@ Anttention Fresh,
We work hard to ensure that any news brought to you is legitimate and valuable so we leave out the noise. This material, and other digital content on this website, may be reproduced, published, broadcast, rewritten or redistributed in whole or in part BUT give us credit as your source.
Kung fu grandma is China’s new internet sensation
Zhang Hexian, a 94-year-old who lives a reclusive life in rural Zhejiang is the real life dragon. The real deal. So real her grandsons better not be seen with a mobile phone. She has become China’s latest internet sensation.
Samson Siasia ban for life by Fifa
Former Nigeria coach Samson Siasia has been banned for life and fined $50,000 by Fifa for agreeing to ‘the manipulation of matches.’
Siasia was coach of Nigeria between 2010-2011 and for a spell in 2016 but the time period when Fifa believes he committed his infractions is unclear.
He has also served as coach of the country’s Under-20 and Under-23 sides.
In a statement, Siasia was found ‘guilty of having accepted that he would receive bribes in relation to the manipulation of matches.’
The sanction stems from an ongoing ‘large-scale investigation’ Fifa is conducting into the behaviour of Wilson Raj Perumal, a convicted match-fixer from Singapore.
He is the third African to be banned by Fifa for his links to Perumal after former Sierra Leone FA official Abu Bakarr Kabba and former Botswana FA official Mooketsi Kgotlele were suspended in July for five years and for life respectively.
A former international, Siasia won the 1994 Africa Cup of Nations with Nigeria, for whom he played over 50 times while scoring 16 goals.
Hong Kong Activities face crucial weekend test after airport setback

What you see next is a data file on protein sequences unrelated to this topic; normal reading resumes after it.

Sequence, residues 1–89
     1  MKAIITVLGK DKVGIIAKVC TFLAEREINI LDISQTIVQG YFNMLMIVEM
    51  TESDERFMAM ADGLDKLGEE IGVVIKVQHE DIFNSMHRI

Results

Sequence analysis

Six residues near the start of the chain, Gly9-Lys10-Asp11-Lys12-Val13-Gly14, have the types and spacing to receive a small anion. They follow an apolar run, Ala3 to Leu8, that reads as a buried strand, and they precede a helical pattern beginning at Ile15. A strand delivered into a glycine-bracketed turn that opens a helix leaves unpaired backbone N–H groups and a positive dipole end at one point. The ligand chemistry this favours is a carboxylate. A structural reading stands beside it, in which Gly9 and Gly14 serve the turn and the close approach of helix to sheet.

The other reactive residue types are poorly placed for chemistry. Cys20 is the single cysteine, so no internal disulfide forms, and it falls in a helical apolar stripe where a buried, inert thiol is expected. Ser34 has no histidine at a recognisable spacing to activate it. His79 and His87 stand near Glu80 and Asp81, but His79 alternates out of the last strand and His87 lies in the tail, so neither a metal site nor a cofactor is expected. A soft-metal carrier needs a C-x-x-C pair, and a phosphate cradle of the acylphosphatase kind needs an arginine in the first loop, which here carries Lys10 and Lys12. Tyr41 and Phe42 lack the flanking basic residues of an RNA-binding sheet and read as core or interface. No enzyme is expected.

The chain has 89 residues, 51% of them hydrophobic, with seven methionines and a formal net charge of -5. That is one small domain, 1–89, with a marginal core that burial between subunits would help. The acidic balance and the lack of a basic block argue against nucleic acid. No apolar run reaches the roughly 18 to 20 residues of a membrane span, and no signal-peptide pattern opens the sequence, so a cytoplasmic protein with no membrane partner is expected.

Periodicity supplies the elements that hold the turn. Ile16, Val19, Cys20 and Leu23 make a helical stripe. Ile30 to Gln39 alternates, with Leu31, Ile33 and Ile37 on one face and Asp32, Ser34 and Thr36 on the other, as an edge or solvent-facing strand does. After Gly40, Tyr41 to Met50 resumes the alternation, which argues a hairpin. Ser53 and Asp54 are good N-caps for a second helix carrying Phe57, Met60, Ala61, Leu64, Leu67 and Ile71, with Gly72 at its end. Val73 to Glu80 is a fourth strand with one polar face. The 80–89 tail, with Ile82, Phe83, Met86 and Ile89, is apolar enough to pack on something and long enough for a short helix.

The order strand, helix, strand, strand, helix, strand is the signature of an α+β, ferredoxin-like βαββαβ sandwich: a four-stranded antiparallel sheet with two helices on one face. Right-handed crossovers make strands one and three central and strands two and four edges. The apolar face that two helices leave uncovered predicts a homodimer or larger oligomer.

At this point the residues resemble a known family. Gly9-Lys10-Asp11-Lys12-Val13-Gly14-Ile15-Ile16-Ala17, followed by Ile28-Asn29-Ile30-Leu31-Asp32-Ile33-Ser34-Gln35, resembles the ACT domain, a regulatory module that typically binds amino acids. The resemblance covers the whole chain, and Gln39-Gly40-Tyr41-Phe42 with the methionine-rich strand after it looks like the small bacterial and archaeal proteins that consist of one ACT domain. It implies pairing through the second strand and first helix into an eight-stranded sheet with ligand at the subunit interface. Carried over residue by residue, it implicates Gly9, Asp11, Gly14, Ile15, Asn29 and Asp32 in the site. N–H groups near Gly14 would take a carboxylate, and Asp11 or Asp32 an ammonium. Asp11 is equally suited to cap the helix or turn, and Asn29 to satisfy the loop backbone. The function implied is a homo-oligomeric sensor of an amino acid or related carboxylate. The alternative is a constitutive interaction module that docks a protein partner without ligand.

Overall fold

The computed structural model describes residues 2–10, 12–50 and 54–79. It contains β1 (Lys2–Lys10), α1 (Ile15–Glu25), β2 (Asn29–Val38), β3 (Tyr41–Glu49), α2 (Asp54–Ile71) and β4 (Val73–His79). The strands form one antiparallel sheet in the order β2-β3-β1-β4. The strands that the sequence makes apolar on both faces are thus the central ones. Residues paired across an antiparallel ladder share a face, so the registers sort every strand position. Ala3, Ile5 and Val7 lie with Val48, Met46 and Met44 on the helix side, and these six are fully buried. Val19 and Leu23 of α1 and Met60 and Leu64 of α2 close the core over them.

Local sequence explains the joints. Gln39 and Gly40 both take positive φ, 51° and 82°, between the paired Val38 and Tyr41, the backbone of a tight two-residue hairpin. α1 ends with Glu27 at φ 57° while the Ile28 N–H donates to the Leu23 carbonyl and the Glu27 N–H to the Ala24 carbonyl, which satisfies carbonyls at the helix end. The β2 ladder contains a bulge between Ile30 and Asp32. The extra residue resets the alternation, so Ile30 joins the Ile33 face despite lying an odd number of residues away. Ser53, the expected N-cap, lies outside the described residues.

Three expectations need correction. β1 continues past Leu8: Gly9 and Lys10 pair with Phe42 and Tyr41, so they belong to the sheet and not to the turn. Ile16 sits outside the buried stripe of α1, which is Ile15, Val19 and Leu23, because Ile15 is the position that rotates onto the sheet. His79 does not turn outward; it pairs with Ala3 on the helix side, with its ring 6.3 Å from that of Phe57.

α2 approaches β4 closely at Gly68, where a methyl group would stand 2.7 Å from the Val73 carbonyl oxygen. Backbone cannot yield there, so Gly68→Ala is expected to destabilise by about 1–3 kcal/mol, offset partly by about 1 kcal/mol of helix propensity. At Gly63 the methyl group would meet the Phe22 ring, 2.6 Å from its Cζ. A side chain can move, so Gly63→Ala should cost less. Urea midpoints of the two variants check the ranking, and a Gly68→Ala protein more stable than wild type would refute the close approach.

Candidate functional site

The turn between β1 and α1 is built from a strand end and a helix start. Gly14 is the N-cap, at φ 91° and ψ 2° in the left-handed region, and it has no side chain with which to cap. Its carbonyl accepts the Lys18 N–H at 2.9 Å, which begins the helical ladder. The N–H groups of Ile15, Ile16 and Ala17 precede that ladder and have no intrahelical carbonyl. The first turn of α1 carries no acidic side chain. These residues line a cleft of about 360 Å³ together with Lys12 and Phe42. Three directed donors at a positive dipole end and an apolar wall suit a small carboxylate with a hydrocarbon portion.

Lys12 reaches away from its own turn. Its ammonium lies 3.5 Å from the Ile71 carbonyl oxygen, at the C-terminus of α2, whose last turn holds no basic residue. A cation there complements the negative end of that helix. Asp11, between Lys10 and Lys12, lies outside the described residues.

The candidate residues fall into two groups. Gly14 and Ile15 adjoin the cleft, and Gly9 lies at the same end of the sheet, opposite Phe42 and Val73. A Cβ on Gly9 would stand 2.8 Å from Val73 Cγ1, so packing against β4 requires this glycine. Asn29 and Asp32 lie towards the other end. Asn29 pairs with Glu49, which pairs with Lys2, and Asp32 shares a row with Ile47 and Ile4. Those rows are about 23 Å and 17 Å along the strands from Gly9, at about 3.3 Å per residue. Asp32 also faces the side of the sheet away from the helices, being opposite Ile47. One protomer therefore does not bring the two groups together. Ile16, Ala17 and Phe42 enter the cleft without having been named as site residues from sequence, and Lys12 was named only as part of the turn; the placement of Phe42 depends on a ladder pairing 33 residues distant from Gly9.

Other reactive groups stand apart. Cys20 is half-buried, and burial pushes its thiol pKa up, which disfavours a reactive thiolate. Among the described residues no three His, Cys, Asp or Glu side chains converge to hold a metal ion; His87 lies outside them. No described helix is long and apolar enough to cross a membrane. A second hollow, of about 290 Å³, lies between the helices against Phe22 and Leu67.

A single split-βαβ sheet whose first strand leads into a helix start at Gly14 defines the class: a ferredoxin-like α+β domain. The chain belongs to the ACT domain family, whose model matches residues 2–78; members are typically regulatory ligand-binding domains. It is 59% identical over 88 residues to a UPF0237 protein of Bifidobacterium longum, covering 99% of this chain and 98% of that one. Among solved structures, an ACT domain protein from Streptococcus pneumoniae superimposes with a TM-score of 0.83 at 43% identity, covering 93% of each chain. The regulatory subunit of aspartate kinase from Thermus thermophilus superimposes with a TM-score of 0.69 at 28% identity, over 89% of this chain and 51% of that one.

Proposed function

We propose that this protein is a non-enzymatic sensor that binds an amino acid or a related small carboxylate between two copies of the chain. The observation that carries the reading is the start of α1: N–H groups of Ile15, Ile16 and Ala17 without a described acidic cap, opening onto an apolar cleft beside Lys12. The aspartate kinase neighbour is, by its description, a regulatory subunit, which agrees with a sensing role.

Source: AFP- Hong Kong’s pro-democracy movement faces a major test this weekend as it tries to muster another huge crowd following criticism over a recent violent airport protest and as concerns mount over Beijing’s next move.
Ten weeks of protests have plunged the international finance hub into crisis with the communist mainland taking an increasingly hardline tone, including labelling the more violent protester actions “terrorist-like”.
Chinese state media have put out images of military personnel and armoured personnel carriers across the border in Shenzhen, while the United States has warned Beijing against sending in troops, a move many analysts say would be a reputational and economic disaster for China.
The nationalistic Global Times newspaper said there would not be a repeat of the Tiananmen Square crackdown, in which hundreds — or even thousands — are believed to have been killed, if Beijing moves to quash the protests.
“The incident in Hong Kong won’t be a repeat of the June 4th political incident in 1989,” it said, insisting the country now had more sophisticated approaches.
It was a rare reference to the bloody events, which are taboo in China.
Hong Kong’s protests were sparked by opposition to a plan to allow extraditions to the mainland, but have since morphed into a wider call for democratic rights in the semi-autonomous city.
Millions of people have hit the streets while clashes have broken out between police and small groups of hardcore protesters for 10 consecutive weekends.
For most of that time, US President Donald Trump has taken a hands-off approach to the unrest but began speaking up this week, suggesting any potential trade deal with Beijing could be upended by a violent response from the mainland.
Speaking on Thursday, Trump urged his Chinese counterpart Xi Jinping to meet protesters and solve the crisis “humanely”.
@ Anttention Fresh,